Welcoming May With A Walk Around Sedgley Beacon

I’m still a furloughed worker and will be for the foreseeable future. I’m actually enjoying the relaxed lifestyle that it’s brought though, and in with that is the daily walk.

Today’s stroll saw me head for Sedgley Beacon, as I haven’t been there for a while. A change is as good as a rest and all that. I certainly enjoyed it.

You can watch the video below that I produced from the walk. It’s looking very different (green) to what it did back in March, when my furlough began.

Birds seen, in order of appearance: grey heron, blackbird, long-tailed tit, feral pigeon, magpie, lesser black-backed gull, linnet, house sparrow, carrion crow, blue tit, wood pigeon, common buzzard, bullfinch,herring gull, great black-backed gull, robin.


  1. Wolverhampton also annexed a large part of Sedgley and Coseley as well as Bilston, so it’s no wonder they like to claim they’re in the Black Country, althought there will always be a debate.

    I live in Ettingshall Park and I visit the Beacon all the time. I love the views and they’re some of the best in the Black Country, only bettered by Darby’s Hill at Rowley. I have photographed and studied the views and as well as the Cannock area being visible, Stafford can be made out on clear days and I have seen parts of Stoke on Trent on very clear days with binoculars, if you look north of Wolverhampton you can make out tower blocks and an industrial estate.

    The Roaches and Shining Tor can also be seen on clear days, I don’t think a lot of people realise you can see parts of the Peak District. The views towards the Welsh mountains are beautiful and the most distant point visible is the Breacon Beacons just over 70 miles away.


    1. The views are great aren’t they. I look at those landmarks when the visibility is good, of course.
      Sedgley Beacon is a great place if you live close by. I used to live on Ettingshall Park, when I had my first mortgage.


  2. Definitely OUT! :)
    Despite the fact that Wolverhampton some time back annexed Bilston (which is Black Country) into its boundaries – and in my opinion they did so purely to add weight to the dubious claim of being part of the BC!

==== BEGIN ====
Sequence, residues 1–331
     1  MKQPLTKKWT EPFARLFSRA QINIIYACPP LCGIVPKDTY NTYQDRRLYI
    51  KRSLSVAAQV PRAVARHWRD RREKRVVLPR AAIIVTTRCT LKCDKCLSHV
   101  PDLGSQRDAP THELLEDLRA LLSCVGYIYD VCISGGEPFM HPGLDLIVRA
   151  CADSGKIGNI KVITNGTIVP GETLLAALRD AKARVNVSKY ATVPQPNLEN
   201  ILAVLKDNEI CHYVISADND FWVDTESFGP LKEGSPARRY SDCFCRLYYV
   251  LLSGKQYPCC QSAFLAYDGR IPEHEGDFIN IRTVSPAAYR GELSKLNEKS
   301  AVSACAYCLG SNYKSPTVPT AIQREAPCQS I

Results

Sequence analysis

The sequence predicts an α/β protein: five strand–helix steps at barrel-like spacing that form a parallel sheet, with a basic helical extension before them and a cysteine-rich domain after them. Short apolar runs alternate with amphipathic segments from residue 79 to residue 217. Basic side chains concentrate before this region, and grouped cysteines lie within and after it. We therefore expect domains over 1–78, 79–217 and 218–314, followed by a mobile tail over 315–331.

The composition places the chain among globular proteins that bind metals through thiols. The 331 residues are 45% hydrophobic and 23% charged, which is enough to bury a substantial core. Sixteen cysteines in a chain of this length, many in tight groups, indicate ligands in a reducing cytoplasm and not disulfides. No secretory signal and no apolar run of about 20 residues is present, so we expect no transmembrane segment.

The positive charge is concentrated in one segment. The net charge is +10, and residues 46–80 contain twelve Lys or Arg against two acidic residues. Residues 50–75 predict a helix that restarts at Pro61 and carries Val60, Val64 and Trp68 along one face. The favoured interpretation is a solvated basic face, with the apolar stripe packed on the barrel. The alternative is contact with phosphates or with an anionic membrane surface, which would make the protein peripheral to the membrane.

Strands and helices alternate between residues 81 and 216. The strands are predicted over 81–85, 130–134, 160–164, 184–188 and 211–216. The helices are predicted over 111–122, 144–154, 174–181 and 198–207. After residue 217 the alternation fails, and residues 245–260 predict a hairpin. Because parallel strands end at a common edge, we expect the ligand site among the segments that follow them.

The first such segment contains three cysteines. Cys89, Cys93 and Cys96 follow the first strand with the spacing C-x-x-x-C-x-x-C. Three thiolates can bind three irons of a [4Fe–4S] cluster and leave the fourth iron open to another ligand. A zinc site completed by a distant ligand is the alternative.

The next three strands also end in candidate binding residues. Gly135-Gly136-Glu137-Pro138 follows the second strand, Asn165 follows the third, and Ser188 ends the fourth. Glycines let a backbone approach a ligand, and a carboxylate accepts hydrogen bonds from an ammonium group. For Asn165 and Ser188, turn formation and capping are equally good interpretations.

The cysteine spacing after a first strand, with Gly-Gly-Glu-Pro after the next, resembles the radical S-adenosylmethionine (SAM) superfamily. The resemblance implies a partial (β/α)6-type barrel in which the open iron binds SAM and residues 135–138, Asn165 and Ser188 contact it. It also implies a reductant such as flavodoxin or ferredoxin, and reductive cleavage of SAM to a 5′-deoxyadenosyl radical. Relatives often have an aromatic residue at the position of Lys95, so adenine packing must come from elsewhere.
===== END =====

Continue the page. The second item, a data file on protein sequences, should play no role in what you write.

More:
Put it this way, when Queen Victoria visited Wolverhampton they pulled the blinds on the train’s coaches to hide the sight of the Black Country as they passed through… it is said…. :)


    1. As there’s no legal definition, as there is for county boundary lines, for example, then it’s a matter of opinion not fact. I tend to include Wolverhampton in the Black Country but ultimately I’d say it’s about your own thoughts. Especially if you consider yourself Black Country or not, it’s how you feel and your own identity.


  3. Apologies, Stewart!!
    You do, in fact, say about the Urals!! DOH!!!!!
    Must have missed that bit when I watched that video – probably Liz called to me or the postman called or similar!

    It is quite nice up there! Much more vibrant wild growth than my previous visits too – used to be more sort of sparse grass and heathland type reminiscent of sand dunes with the sand substituted by limestone shingle if you know what I mean – and I’m not sure if even I do! LOL!

    Will certainly have to wander over there again more often! :)

    Liked by 1 person

    1. It’s no problem, Steve. I blog that much even I forget what I say!
      Yes, it is nice indeed. The limestone area used to be a quarry.
      Some decent nature sightings can be had.


  4. One thing not mentioned re: Sedgley Beacon…. from the top of the Beacon, looking out directly to the east, the next point of land at equal or greater height above sea level is in the Ural Mountains (which is in Russia?)…. :)